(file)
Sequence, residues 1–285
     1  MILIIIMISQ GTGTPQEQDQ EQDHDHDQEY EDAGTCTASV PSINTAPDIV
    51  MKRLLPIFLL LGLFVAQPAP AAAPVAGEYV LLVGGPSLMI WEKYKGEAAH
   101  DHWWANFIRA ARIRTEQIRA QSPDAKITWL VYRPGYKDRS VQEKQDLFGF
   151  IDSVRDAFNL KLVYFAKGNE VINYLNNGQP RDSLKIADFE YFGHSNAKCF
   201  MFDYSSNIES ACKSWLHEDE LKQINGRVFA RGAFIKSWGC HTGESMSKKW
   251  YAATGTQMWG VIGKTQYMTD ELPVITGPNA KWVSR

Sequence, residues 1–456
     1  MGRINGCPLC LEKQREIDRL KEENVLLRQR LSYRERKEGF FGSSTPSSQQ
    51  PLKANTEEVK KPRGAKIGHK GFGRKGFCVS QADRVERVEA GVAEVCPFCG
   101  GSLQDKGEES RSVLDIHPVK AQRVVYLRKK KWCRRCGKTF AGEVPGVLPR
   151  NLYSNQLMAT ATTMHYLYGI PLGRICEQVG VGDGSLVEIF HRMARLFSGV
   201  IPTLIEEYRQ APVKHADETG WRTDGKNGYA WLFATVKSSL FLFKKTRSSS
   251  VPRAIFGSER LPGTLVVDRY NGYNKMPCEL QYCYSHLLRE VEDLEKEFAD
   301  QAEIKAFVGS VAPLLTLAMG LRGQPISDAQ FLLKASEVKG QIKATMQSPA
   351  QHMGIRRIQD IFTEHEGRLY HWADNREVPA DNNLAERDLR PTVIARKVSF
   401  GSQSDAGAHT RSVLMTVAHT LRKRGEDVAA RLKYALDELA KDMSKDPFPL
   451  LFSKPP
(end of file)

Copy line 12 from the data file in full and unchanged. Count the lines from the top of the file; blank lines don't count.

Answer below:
   151  NLYSNQLMAT ATTMHYLYGI PLGRICEQVG VGDGSLVEIF HRMARLFSGV